What you told me about your vision was this: ‘I’ve lived this long. There must be a purpose in it. I am a FIGHTER and have survived so many physical ailments’. And you suspected that it was your personal faith and spirituality that was at the bottom of this. You wondered if it might be Our Lady, and then told us how anorexia had ‘forced me to neglect her’. In your visionary experiences, you were able to see a future for yourself, even though it is as yet unclear.
Did anorexia tell you that you were unworthy of your faith?

Did anorexia try to strip you of your very soul?

Was a hint of the future refreshing to your soul? Did it hearten you in any way?

Through this visionary experience, you thought you now had embarked upon an anti-anorexic direction. To do so, you must have broken the spell of anorexia. Can you record for the archives your ‘first steps’, because the ‘first steps’ are always the biggest steps, even though they seem minuscule at the time?On reflection, you thought the fact that ‘I didn’t believe in myself’ may have advantaged anorexia in deceiving you into believing in its promises of salvation. And you wondered, too, if ‘I hadn’t been searching in the wrong direction. I was hoping for something to drop out of the sky’. When did you realise that anti-anorexia could only be gained by resistance and struggle? How did that dawn on you? In fact, you said of late, ‘I am getting more positive and starting to believe in myself’. And this is in the face of anorexia’s attempt to isolate you and drive you to self-execution, one way or another. For example, anorexia has got you out of practising the art of conversation and tried to convince you that you were nothing but an ‘anorexic’ and that there was nothing left of you as a person.In your visionary experience, you turned against perfection too. It provided you with a rallying cry: ‘NOBODY IS PERFECT!’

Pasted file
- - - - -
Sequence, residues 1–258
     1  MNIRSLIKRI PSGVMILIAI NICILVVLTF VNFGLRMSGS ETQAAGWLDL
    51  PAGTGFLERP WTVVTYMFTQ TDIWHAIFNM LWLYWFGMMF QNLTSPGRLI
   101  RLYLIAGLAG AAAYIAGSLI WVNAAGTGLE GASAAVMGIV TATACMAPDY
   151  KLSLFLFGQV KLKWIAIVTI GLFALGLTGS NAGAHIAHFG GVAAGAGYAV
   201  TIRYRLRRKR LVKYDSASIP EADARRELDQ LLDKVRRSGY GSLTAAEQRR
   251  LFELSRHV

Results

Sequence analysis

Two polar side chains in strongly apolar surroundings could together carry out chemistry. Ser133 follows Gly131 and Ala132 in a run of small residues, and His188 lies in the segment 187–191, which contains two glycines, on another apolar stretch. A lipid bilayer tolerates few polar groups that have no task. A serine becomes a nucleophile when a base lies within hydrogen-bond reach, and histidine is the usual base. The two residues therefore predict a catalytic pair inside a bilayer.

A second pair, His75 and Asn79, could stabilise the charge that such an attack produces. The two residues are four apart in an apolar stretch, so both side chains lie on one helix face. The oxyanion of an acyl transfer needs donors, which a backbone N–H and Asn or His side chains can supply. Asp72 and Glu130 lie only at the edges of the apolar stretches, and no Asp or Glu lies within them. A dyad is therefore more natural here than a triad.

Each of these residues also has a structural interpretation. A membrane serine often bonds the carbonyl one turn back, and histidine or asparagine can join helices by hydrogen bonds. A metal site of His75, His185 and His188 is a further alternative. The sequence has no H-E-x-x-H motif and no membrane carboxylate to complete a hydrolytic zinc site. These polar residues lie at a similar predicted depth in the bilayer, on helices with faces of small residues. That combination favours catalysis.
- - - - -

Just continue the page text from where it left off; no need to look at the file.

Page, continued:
And it made you fully aware of the trap anorexia had ambushed you into: ‘The more you try to be perfect, the more inferior you feel. The more people blame you for anorexia, the more you feel like a second-class citizen. And then you start to feel that anorexia and its torture, punishments and enslavement is what you deserve because you are no longer normal.’